Experience has shown that students and parents benefit significantly from one-to-one assistance, particularly where they have difficulty completing application forms and securing the necessary supporting documentation. While we aim to move progressively towards an on-line applications facility, the accessibility and support provided by staff in local VEC offices will continue to underpin equity of access to higher education.
Given the need for efficiency of service and for consistency of delivery across all 33 VECs, I am pleased to say that the sector is actively engaging with my Department in developing corporate responses to particular areas of service provision, including computer systems development. The VEC sector brings with it a distinct and rich educational tradition and a valuable experience in administering three of the four existing student grant schemes. I am confident that the Bill will provide a sound basis on which it can ensure the efficient delivery of a fair and equitable grants system.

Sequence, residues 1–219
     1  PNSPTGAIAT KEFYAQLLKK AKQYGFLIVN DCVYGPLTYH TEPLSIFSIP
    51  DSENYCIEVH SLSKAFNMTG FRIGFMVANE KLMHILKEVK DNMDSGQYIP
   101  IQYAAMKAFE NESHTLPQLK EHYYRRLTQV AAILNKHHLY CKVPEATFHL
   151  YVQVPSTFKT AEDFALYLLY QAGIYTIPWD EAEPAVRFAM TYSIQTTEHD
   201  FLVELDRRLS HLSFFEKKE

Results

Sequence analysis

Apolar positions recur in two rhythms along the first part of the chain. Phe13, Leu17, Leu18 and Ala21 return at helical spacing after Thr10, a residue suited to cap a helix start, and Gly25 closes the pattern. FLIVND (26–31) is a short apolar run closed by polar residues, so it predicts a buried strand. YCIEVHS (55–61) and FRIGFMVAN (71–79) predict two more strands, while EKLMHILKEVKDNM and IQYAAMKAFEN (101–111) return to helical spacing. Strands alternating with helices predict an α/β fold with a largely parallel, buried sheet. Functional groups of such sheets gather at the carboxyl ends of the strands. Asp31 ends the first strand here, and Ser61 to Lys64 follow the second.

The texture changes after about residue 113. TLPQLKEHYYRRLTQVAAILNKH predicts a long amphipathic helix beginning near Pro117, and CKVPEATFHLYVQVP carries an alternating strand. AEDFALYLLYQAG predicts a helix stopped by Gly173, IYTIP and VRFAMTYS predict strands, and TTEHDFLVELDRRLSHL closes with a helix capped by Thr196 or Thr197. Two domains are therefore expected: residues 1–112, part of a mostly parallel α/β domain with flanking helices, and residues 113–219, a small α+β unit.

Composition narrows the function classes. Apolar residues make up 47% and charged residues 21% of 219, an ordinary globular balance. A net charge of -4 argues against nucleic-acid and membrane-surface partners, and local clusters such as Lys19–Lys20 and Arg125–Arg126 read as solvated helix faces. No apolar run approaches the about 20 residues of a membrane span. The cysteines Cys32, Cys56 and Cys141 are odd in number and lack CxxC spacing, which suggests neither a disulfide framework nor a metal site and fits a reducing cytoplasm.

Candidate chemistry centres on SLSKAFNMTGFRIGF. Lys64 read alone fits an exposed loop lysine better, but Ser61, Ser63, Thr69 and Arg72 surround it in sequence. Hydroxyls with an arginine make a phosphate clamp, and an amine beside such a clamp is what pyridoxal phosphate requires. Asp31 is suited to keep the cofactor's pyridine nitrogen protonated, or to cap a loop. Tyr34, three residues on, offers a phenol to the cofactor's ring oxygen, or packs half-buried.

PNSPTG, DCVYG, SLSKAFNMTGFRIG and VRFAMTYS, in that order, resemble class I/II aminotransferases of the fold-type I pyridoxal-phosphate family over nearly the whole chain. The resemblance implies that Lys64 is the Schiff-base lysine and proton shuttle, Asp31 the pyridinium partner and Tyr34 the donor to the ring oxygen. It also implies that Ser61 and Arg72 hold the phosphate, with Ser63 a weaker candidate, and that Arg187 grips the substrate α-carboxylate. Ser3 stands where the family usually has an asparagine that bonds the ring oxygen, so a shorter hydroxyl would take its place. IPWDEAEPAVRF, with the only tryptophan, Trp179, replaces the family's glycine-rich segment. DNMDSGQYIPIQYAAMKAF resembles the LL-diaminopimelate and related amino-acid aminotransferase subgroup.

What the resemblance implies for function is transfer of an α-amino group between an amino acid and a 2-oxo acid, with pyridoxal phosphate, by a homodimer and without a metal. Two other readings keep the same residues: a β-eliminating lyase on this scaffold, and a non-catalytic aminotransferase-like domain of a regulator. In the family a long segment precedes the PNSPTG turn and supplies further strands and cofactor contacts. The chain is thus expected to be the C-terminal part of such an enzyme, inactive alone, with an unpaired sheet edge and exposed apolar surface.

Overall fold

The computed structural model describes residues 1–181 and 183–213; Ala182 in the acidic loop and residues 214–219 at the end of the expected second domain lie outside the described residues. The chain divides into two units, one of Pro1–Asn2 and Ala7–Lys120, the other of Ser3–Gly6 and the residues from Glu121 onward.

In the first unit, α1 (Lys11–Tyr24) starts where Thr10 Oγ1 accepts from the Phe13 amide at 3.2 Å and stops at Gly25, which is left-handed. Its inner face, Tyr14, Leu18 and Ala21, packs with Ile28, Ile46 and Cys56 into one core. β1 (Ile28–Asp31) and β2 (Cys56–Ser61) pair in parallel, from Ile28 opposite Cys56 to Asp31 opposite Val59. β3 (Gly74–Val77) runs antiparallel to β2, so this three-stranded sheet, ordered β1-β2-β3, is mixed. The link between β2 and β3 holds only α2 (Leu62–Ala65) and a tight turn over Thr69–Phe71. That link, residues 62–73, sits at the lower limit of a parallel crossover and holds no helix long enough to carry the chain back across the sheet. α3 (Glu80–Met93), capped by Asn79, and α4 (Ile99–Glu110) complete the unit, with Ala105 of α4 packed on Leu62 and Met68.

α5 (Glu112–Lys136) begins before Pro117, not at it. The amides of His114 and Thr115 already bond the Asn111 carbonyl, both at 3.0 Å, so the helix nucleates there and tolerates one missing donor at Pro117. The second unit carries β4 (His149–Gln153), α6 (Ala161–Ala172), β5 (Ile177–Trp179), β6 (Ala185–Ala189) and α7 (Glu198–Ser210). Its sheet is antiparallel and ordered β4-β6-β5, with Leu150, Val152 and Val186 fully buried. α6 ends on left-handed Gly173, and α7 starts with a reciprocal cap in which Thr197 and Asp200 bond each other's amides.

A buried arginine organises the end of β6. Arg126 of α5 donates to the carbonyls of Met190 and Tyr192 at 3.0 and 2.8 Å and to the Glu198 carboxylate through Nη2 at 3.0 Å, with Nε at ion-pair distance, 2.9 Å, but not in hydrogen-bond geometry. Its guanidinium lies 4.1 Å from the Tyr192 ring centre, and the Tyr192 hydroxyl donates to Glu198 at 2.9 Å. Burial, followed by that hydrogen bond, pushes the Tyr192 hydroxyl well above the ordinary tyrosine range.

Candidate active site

The local authority sector, which has played a critical role over the years in giving thousands of young people the opportunity to pursue higher education through the higher education grants scheme, will continue to play an essential part during a transition period for those students in receipt of grants under the scheme. While section 7 of the Bill will repeal the Local Authorities (Higher Education Grants) Acts, it provides for the continuation of grants awarded under the existing schemes until the grant holders have completed their current courses of study.
The Bill provides for the funding of awarding authorities and sets out the functions of the VECs in this regard. The Bill also provides the VECs with the necessary legislative framework to enable them to carry out their functions in an effective manner and to ensure that the appropriate mechanisms are in place to ensure that student grants go to those who need them, as well as providing for a robustness in the system to guard against fraudulent claims.